We learned this week from Robert Draper's new book that the Decider remained convinced
until as late as 2006 that Iraq had had WMD right up until the U.S. invasion:
Though it was not the sort of thing one could say publicly anymore, the president still believed that Saddam had possessed weapons of mass destruction. He repeated this conviction to Andy Card all the way up until Cardâs departure in April 2006, almost exactly three years after the Coalition had begun its fruitless search for WMDs.
Compare and contrast that point of view (article of faith) with what we learned today from Sidney Blumenthal
about what President Bush had been told about Iraqi WMD by then-CIA Director George Tenet in the fall of 2002:
On Sept. 18, 2002, CIA director George Tenet briefed President Bush in the Oval Office on top-secret intelligence that Saddam Hussein did not have weapons of mass destruction, according to two former senior CIA officers. Bush dismissed as worthless this information from the Iraqi foreign minister, a member of Saddam's inner circle, although it turned out to be accurate in every detail. Tenet never brought it up again.
Nor was the intelligence included in the National Intelligence Estimate of October 2002, which stated categorically that Iraq possessed WMD. No one in Congress was aware of the secret intelligence that Saddam had no WMD as the House of Representatives and the Senate voted, a week after the submission of the NIE, on the Authorization for Use of Military Force in Iraq. The information, moreover, was not circulated within the CIA among those agents involved in operations to prove whether Saddam had WMD.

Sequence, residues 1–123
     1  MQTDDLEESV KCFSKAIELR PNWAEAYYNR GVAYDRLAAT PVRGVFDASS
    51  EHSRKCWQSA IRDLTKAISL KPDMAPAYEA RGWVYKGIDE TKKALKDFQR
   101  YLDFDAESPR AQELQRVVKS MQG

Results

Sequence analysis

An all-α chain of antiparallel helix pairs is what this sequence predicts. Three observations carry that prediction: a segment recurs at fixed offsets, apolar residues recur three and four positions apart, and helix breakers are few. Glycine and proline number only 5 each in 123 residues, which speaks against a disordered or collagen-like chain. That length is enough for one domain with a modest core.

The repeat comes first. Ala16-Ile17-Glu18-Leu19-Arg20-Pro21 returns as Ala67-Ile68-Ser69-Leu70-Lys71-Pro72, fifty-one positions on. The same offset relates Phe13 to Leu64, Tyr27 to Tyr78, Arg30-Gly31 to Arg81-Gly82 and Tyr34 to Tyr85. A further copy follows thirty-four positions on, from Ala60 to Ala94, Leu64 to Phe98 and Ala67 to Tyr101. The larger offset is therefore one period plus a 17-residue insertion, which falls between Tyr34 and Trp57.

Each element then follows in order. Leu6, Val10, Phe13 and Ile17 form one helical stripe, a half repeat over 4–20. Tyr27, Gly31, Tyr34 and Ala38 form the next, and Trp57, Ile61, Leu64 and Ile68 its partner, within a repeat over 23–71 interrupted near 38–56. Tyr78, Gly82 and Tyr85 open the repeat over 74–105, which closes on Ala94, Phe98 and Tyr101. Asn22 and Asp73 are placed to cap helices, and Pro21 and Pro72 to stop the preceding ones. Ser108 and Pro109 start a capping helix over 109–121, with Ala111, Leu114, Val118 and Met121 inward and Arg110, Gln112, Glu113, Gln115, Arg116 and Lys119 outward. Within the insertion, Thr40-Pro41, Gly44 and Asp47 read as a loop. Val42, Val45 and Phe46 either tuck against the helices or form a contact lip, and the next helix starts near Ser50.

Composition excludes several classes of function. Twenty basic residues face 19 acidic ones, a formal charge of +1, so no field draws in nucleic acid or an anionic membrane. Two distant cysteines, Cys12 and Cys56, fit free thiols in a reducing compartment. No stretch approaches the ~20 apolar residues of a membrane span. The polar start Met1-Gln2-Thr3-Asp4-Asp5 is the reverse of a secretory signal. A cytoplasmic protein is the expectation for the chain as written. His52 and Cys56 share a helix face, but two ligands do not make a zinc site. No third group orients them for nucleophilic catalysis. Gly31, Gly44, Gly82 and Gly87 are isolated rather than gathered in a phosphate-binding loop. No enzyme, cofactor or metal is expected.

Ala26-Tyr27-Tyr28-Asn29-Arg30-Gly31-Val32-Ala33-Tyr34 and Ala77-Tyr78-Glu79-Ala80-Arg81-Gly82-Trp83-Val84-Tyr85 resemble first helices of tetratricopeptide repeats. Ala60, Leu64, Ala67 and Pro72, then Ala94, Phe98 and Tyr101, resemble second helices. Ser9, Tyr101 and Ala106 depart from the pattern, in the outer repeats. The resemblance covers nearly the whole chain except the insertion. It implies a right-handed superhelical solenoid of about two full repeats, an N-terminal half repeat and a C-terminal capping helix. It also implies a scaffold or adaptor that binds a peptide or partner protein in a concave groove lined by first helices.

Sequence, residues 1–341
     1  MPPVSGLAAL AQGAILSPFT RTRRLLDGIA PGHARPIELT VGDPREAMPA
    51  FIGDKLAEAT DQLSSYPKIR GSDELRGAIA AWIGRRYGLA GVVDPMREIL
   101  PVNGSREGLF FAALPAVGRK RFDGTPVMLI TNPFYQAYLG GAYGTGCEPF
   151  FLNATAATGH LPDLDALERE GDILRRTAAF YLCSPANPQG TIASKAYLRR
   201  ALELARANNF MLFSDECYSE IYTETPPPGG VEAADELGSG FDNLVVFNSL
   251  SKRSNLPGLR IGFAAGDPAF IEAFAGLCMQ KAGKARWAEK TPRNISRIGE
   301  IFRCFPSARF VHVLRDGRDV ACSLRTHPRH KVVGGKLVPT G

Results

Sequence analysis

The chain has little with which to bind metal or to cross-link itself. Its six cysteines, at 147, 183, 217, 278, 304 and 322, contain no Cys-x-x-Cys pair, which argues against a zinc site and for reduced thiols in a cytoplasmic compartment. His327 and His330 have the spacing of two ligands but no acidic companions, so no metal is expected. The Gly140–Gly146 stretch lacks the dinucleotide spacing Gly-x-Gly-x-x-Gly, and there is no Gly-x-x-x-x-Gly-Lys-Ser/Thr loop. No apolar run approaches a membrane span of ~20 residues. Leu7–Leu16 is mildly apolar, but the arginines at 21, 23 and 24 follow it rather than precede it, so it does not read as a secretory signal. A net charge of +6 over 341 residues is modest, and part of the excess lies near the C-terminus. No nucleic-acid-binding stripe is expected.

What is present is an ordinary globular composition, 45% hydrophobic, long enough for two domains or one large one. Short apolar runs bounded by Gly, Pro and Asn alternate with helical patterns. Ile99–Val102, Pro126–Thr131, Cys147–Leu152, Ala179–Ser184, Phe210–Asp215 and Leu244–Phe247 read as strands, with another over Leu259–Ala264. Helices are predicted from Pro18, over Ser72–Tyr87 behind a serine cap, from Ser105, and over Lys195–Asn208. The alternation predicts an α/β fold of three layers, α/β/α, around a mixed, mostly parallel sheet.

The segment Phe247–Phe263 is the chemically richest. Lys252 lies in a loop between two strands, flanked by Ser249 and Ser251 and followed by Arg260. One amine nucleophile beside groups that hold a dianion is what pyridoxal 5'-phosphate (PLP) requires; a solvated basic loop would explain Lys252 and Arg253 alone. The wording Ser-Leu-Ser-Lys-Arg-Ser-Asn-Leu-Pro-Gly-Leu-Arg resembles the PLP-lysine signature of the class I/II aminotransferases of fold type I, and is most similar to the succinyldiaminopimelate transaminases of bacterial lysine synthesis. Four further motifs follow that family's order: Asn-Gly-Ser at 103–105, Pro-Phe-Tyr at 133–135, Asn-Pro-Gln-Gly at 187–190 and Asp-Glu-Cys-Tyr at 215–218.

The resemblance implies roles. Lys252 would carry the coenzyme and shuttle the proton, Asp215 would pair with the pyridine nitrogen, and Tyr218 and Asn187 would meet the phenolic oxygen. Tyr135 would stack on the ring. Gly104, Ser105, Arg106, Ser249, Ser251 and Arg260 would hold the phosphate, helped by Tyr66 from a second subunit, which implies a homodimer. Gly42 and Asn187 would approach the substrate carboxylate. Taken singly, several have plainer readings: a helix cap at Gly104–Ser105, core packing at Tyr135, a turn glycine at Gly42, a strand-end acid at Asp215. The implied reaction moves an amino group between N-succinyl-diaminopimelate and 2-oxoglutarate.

Blumenthal talked to "two former senior CIA officers" who provided accounts of what Tenent briefed to Bush:
"Tenet told me he briefed the president personally," said one of the former CIA officers. According to Tenet, Bush's response was to call the information "the same old thing." Bush insisted it was simply what Saddam wanted him to think. "The president had no interest in the intelligence," said the CIA officer. The other officer said, "Bush didn't give a fuck about the intelligence. He had his mind made up."
It's no surprise that this President is not one to test his beliefs and conclusions against the facts, neither the old facts nor the newly emerging facts. In the strange twilight of the Bush Presidency, the new revelation about what the President was briefed on and when about WMD falls into that category of things we thought we knew but for which we lacked all of the hard evidence.